Akram Khan talks to HeraldScotland about dancing with his daughter, wanting to live closer to the festival, and ancient myths.
Tell us about your show at the International Festival
'Gnosis' is one of the most important works I have created. I feel it lives simultaneously and equally, both in the classical and in the modern world. And so it gives me great pleasure to present this work that inhabits ancient myths, ancient music, and ancient dance within eight bodies that are very much of the present.
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Best thing about the Festival?
The sheer size and range of the different art forms all sharing their stories, under this enormous umbrella of the festival.
Worst thing about the Festival?
I just wish it was closer to where I live, or I was living closer to the festival, because then I would probably go every year and see as many of the performances in the festival as I possibly could.
How many years have you been coming to the Festival?
Once in 2004.
Best Festival memory?
The openness and generosity of the Edinburgh public.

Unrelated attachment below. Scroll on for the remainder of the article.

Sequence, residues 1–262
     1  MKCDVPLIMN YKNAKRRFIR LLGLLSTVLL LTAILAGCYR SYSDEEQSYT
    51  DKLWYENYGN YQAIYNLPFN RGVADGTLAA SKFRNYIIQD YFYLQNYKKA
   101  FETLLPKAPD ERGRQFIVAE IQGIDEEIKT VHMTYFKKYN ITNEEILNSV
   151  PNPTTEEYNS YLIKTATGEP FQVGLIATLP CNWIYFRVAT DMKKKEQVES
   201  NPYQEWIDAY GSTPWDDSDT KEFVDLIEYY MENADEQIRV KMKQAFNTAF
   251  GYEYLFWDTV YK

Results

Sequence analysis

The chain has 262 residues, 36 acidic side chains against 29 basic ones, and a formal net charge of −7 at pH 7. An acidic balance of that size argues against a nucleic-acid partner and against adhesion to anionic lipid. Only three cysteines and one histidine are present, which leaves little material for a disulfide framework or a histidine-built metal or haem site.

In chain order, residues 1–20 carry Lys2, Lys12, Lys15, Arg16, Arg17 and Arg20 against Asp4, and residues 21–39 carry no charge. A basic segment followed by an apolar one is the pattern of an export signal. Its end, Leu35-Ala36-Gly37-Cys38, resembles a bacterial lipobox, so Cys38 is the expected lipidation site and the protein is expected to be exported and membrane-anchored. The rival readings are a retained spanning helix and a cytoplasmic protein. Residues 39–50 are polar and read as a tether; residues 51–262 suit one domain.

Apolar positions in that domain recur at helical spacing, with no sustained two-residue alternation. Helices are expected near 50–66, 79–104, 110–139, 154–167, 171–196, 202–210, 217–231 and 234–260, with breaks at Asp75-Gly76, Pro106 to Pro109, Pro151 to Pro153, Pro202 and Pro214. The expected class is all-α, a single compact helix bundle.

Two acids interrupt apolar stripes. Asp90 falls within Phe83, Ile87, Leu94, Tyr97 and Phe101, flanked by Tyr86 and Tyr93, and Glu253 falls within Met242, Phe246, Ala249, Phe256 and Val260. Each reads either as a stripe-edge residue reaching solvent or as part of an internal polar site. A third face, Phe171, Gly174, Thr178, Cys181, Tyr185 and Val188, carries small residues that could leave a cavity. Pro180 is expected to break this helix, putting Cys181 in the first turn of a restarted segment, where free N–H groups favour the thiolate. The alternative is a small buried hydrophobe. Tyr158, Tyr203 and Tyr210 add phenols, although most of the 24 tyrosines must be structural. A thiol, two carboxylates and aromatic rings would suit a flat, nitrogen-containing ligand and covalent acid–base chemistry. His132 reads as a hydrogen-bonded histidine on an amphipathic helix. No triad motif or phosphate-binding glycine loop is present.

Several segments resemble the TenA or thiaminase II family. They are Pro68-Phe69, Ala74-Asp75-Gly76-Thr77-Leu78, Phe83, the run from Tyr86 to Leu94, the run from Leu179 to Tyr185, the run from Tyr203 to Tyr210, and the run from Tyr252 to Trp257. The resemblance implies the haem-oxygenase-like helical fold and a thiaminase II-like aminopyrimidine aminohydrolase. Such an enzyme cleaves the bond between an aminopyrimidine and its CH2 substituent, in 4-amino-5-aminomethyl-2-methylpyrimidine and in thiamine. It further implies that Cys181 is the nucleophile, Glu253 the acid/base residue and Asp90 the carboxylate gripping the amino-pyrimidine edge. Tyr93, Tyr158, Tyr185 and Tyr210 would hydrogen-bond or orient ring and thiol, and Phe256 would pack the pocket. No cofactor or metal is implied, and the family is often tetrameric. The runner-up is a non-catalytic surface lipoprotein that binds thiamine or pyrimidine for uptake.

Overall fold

Craziest on stage experience?
Yet to happen... But I predict, it will hopefully be when I dance with my young daughter on stage one day soon. Now she is one and a half, so I have to wait a bit, but hopefully it will happen before I retire!
How do you wind down after a show?
I try not to think, not to speak, not to listen, I just try to be as still as possible.
What do you love about Scotland?
What do you like about Edinburgh?
What's the most Scottish thing you've done?
I don't know...
Do you have a favourite joke?
Yes, but I am not going to let you read it. It has to be told live. So perhaps, one day, if we happen to bump into each other, and it's not before a show I am performing in, or after the show, where I try not to think, speak or listen, then just come up to me and I will try retelling it, the way I was told it!